Coffee. The smell of coffee. Jess and I walked to the cafe through her neighborhood and the next one over. We stopped to watch cats, peeked into the windows of empty apartments, and walked around to the back yards of abandoned, condemned houses. We imagined the multiple ways of living that we could find, if we sought them out.
The sun was bright, but there was enough wind to cool the heat. We wore the burdens of our respective choices in our back packs. As we ignored what we carried, we talked about how lucky we were to have been rewarded with an extra day together.
When we walk in New Orleans, I am astounded by the flowers. It's easy to forget we're in a tropical climate, but the flowers leap into your face to remind you. Whole blocks of homes, used and not, smell of the same flowers. Who decided what they'd smell like? Or was it not a human decision, but the flowers deciding to take back what was theirs.
We'd come to a grinding halt in front of a new color, a different sort of flowering plant, bananas growing in the wild. The flowers in New orleans make it so clear they are just out to get some, with their bright colors and loud smells. But really, maybe they're just looking for love. I think that's what I like most about them: the peak of their beauty is all about flower-sex. I empathize for the search, but I don't get sad for them. Here, in the tropics, they're likely to find it.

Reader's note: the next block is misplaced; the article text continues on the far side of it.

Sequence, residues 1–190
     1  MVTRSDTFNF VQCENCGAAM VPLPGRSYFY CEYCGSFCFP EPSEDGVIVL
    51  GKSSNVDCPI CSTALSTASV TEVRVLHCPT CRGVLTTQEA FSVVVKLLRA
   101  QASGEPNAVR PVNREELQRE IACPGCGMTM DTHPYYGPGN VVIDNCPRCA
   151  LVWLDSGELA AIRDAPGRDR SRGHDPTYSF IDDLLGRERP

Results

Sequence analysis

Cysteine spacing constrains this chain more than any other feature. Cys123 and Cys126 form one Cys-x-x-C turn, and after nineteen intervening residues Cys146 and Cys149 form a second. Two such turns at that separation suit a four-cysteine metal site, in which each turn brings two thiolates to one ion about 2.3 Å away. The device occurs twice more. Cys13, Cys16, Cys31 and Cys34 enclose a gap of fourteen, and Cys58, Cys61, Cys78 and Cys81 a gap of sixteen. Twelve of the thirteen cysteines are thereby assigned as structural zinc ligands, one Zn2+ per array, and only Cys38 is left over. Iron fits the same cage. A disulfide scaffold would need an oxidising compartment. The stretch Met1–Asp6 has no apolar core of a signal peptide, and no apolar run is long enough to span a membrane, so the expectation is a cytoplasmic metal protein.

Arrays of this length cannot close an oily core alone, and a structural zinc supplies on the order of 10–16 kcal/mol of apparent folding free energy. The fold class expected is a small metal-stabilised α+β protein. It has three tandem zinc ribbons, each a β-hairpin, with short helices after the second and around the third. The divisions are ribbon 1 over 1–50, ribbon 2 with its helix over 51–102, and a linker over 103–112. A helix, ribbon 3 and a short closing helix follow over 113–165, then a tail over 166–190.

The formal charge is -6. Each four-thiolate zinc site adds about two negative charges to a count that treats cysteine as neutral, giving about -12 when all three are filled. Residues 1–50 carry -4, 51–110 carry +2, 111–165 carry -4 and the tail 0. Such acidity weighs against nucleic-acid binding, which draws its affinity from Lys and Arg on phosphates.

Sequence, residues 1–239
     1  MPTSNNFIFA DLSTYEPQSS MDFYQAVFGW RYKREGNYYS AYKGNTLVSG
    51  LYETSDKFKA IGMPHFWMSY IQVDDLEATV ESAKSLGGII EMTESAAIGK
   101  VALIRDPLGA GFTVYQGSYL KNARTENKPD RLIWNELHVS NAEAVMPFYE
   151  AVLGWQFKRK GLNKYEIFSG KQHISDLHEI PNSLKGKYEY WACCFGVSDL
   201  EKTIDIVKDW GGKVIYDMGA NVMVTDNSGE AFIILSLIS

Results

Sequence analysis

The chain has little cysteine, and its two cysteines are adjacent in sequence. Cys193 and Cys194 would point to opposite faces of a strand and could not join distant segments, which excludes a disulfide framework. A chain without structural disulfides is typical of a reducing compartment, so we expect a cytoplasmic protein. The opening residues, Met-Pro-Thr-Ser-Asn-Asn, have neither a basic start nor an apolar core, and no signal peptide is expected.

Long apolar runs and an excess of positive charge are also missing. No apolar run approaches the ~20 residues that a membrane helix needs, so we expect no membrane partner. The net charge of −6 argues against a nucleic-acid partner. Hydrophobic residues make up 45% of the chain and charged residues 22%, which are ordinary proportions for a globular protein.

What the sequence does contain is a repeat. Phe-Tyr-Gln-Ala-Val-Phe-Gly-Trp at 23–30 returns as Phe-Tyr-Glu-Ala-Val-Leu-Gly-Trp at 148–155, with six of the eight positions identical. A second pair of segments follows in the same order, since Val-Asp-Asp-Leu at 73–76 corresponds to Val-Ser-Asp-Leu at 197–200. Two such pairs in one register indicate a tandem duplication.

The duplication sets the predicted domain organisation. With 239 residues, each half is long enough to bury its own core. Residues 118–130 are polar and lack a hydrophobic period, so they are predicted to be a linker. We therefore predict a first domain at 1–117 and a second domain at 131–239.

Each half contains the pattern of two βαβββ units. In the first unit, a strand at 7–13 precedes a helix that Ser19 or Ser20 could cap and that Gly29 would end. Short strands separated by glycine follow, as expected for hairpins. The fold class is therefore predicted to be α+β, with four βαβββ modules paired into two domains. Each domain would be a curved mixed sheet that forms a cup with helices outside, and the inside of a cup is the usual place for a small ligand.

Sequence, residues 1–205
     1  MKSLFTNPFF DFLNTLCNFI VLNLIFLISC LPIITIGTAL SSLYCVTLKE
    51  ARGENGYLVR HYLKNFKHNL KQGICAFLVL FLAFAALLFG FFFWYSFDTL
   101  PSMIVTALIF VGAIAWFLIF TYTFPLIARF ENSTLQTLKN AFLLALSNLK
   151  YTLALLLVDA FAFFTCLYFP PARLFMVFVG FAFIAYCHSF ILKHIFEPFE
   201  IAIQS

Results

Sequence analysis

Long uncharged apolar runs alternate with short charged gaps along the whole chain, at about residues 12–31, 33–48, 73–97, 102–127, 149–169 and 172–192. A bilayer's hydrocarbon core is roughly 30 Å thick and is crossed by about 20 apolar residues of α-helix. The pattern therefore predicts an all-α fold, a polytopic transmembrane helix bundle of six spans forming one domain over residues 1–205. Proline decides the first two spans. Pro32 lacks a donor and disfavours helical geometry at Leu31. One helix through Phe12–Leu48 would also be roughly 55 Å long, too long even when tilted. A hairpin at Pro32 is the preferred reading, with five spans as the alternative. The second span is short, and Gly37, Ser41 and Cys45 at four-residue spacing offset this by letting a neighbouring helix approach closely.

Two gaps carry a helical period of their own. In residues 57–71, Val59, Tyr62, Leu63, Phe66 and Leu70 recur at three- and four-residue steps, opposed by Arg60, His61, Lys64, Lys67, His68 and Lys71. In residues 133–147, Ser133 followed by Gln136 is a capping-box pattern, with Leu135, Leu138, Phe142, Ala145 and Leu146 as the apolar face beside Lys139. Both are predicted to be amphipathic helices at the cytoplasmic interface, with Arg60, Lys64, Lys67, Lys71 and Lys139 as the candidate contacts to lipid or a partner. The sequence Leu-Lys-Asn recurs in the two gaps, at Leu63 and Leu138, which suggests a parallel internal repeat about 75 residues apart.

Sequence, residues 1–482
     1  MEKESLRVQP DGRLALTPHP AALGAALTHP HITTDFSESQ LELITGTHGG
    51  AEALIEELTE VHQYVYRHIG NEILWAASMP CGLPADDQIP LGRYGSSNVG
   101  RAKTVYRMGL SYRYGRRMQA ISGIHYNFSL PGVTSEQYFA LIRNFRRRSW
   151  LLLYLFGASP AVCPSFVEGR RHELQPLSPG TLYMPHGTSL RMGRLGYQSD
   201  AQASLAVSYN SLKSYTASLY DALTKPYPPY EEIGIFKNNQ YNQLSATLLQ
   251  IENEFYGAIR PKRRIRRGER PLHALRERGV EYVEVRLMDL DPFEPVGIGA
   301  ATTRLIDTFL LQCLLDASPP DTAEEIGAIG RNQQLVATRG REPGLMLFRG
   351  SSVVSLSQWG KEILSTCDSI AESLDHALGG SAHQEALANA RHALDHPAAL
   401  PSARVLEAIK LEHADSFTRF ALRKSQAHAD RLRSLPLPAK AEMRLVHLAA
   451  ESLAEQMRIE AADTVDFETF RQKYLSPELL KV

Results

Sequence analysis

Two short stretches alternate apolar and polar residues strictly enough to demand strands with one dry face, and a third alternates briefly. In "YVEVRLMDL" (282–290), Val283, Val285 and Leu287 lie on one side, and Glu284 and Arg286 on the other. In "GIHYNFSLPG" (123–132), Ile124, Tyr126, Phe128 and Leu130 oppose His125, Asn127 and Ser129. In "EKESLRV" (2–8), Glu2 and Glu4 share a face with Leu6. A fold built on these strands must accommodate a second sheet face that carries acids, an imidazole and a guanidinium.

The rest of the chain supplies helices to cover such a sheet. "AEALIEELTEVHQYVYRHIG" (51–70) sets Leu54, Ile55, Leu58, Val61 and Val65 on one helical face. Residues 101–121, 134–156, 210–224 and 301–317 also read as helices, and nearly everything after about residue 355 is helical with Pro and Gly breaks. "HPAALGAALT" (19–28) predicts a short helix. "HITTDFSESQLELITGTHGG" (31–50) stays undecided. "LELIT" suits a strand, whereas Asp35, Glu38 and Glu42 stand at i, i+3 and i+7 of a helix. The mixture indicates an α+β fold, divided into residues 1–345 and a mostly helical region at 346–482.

I think about how they are clearly so happy to grow here. If I were to take a plant, pot it, and bring it back to Wisconsin, I think that'd be one of the saddest things. All of that yearning taking place on my window sill and no relief!
It occurs to me that Jess is like these flowers, and that might be why I like them so much. It is so clear that she is thriving there, when her choices let her, that I hate the thought of bringing her back to sit in my apartment, devouring sunshine, in bloom, but lacking her chance to go further. To figure out what happens next?
So I visit her, and we walk together to the coffee shop to work, seated next to each other on my last, extra evening in town. We cuddle as we work and drink our coffee in the shade. We listen to the spontaneous music of humans blooming. We wonder if we are blooming, too. Will we, like the flowers, get many, many chances to scream out our exuberance? Will it move with us, if we figure out how to avoid containers? How much blooming-yearning is good for you? It seems to me that the gap between want and fulfillment is the most interesting gap I know of.